The latest acquisition in the travel industry means that Thomson, the people who brought you cheap holidays in the Med, can now sell you a bus ticket across America, or indeed book you a hostel in Sydney. In the past year, Thomson has bought up Greyhound International and the long-haul specialist Austravel.
For all its many faults, one excellent attribute of the British travel industry is its sheer diversity. If you want to buy a car, your choice is limited to a handful of manufacturers. Need a holiday? The UK's travel agents and tour operators can offer you anything from a weekend at Butlins to a year on a truck going from Alaska to Tierra del Fuego.
These two experiences are the extremes of a continuum that embraces city breaks and skiing holidays as well as the Mediterranean package that 10 million of us take each summer. Thousands of companies sell the dreams that we avidly consume. But, like endangered species, the range of holiday firms is reducing with every week.
Crystal Holidays has built up its winter sports business to become the market leader in ski holidays, eclipsing Thomson. Last week, Britain's biggest tour operator bought Crystal. Travellers booked with either company this winter should notice no difference, as the coming season's plans will go ahead unchanged. But what will happen next year?
Thomson says the acquisition will enable it to provide even better value, thanks to cost savings that increasing scale generates on everything from computer systems to coach transfers. And after spending four years examining competition in Britain's travel industry, Whitehall has concluded that, by and large, it works well.
The Department of Trade and Industry is insisting on a few changes, like outlawing the practice of linking discounts to the sale of overpriced insurance from November. But there have been no objections to the flurry of takeovers that have seen Airtours swallow Direct Holidays, Sunworld acquire Flying Colours (purveyors of Club 18-30 frolics) and First Choice ingest Unijet and Hayes & Jarvis. Kuoni and Panorama are hot tips as the next targets for takeovers.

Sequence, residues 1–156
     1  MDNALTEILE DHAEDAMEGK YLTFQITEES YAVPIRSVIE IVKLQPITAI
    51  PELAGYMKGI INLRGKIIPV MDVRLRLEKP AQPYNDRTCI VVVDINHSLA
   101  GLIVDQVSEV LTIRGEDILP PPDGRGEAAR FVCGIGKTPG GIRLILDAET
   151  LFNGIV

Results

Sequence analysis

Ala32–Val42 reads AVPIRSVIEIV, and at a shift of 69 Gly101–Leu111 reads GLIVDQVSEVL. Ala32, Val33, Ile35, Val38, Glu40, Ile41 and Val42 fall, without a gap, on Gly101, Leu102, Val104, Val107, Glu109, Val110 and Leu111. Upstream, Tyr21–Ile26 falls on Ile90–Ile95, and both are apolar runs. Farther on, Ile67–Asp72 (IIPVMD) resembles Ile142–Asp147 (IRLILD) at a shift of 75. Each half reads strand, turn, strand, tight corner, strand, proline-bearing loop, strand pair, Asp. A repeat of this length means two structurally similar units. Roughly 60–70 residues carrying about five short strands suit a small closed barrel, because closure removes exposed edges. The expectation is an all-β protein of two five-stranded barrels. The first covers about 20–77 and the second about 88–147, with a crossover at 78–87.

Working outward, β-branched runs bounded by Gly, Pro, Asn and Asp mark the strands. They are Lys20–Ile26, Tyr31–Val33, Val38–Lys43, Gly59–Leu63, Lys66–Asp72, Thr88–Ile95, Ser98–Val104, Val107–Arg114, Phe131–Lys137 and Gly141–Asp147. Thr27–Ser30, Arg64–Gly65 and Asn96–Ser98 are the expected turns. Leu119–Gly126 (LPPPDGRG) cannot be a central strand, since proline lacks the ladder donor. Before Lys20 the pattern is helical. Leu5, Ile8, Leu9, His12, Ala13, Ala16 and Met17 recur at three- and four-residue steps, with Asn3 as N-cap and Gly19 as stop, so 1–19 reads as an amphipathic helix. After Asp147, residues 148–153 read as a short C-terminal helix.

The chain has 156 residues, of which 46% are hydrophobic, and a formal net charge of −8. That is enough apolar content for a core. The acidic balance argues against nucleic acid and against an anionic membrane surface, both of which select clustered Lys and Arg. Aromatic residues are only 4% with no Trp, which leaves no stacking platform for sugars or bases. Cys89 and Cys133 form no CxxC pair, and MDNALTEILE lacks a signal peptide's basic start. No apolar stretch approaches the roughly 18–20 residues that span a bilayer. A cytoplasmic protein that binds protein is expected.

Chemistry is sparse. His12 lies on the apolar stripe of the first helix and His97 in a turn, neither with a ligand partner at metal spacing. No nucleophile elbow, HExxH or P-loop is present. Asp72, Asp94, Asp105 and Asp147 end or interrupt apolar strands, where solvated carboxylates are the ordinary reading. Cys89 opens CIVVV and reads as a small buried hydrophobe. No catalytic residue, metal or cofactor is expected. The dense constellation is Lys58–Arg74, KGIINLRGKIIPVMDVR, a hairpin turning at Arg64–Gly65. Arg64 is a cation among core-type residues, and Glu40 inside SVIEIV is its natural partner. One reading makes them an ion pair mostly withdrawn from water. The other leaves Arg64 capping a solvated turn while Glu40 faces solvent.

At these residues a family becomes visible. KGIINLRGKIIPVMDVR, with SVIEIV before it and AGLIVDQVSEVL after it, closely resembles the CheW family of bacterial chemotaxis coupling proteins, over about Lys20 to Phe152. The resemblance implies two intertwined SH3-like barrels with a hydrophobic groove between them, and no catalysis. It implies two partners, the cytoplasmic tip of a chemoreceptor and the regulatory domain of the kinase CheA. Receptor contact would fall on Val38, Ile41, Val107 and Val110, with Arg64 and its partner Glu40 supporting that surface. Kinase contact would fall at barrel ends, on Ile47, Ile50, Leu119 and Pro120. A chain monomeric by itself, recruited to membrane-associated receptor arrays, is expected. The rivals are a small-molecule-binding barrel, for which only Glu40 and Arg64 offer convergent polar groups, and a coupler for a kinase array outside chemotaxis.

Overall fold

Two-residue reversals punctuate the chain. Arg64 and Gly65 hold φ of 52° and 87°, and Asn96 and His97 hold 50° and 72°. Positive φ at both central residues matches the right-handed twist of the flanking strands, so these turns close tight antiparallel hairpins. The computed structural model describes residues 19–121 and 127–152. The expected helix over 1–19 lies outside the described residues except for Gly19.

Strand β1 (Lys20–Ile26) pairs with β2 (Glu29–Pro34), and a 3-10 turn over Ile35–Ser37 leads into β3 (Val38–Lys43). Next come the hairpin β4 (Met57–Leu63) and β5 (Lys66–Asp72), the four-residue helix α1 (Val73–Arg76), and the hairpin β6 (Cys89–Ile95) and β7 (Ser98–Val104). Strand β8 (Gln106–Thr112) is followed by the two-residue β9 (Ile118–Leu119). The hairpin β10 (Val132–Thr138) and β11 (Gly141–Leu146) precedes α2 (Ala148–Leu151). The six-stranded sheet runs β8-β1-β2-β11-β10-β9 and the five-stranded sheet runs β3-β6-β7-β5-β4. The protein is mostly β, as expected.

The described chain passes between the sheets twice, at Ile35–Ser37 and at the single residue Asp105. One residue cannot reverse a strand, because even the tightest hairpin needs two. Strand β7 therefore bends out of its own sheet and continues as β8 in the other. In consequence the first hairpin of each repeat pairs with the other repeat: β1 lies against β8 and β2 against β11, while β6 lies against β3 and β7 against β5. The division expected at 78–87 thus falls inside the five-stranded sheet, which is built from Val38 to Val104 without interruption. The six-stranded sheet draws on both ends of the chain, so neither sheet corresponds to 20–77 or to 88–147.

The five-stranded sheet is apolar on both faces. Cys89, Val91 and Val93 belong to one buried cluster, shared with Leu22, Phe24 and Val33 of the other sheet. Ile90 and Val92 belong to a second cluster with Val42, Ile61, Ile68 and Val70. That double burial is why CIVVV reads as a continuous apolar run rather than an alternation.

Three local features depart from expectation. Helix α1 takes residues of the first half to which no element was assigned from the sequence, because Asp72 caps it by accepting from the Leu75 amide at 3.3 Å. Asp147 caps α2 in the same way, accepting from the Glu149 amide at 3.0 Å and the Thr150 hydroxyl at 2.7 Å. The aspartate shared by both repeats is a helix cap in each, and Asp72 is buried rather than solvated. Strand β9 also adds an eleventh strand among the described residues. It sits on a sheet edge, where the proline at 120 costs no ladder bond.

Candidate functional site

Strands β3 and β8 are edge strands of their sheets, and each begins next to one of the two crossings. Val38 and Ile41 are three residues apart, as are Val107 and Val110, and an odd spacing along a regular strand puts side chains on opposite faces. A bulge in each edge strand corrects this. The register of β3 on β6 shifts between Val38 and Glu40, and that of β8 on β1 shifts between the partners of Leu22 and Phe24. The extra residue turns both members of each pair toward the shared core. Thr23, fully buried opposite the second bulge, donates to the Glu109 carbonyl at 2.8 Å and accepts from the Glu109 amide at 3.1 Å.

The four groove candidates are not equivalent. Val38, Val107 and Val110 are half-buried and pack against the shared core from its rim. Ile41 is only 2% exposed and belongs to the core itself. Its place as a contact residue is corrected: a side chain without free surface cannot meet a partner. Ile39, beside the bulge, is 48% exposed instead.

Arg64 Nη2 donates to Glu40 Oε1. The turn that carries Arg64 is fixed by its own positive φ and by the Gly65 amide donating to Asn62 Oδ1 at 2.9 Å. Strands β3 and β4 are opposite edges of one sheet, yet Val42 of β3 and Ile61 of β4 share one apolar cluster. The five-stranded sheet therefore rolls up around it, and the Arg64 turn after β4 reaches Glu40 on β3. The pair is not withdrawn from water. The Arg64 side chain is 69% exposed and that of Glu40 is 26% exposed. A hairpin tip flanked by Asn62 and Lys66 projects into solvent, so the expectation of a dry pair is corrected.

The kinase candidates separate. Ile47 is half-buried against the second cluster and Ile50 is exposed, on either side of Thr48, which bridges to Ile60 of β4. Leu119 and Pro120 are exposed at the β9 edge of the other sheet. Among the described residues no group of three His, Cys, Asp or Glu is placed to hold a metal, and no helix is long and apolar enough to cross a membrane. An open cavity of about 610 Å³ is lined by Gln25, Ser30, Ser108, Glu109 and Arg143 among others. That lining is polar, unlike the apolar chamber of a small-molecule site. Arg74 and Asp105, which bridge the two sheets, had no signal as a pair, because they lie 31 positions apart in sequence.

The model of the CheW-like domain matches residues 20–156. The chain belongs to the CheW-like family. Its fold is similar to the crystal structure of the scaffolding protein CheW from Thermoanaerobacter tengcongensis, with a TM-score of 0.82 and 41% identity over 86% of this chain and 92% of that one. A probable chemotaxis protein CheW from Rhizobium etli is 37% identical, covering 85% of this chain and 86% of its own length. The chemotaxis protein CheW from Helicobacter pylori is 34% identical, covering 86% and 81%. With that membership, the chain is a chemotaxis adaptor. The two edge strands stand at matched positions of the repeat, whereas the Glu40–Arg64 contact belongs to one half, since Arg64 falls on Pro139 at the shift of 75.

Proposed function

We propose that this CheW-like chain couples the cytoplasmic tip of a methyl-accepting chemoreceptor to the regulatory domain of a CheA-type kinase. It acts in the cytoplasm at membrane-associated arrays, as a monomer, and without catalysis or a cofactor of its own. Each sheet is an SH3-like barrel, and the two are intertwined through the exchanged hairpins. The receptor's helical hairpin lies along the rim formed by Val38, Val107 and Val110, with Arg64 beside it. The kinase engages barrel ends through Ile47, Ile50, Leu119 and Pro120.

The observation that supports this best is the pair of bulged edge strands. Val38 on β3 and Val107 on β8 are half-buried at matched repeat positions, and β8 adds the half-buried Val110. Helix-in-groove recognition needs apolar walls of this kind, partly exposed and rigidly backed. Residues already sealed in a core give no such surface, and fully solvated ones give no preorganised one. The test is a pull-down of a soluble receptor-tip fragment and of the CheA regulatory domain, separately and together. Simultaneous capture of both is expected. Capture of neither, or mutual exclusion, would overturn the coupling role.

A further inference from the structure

Yet Britain's travel industry got where it is today - selling holidays far cheaper than those sold in Continental Europe - through blistering competition. The risk with all these mergers is that less competition can mean higher prices and poorer service. That, after all, was the result when Continental Trailways ceased to be a serious rival to Greyhound.
WHEN YOU want to order big, expensive planes, the choice is limited to two companies: Airbus and Boeing. Could British Airways' decision on Tuesday to order Airbus aircraft for the first time have anything to do with the punctuality problems of its existing Boeing fleet?
The new edition of BA's Executive Club News unwittingly illustrates the scale of the challenge with a photograph of the domestic departures board at Heathrow, which shows two of the five flights, to Belfast and Manchester, as "delayed".
Meanwhile easyJet's brand new Boeing, the first of a dozen ordered by the no-frills airline for pounds 25m each, did not enjoy a happy debut.
The shiny new 737 first took to the skies with fare-paying passengers on Monday, but limped back to Luton airport from Nice with its tail figuratively between its legs in the early hours of Tuesday morning.
A combination of crew logistics and technical problems was blamed for the delay.
"FOR A modern, economical car it's not an unreasonable claim", says Michael Johnson of the AA. He refers to the assertion in the new Autumn Gold brochure from the Scottish Tourist Board that "It is possible to drive from London to Scotland on only a tank of petrol".
Two questions: do you know of a car that, however economically driven, would be unable to manage the 320 miles between the English capital and the Scottish border at Gretna? And, if you do, how would you rate the chances of the STB paying for you to be towed from the hard shoulder of the M6?Reuse content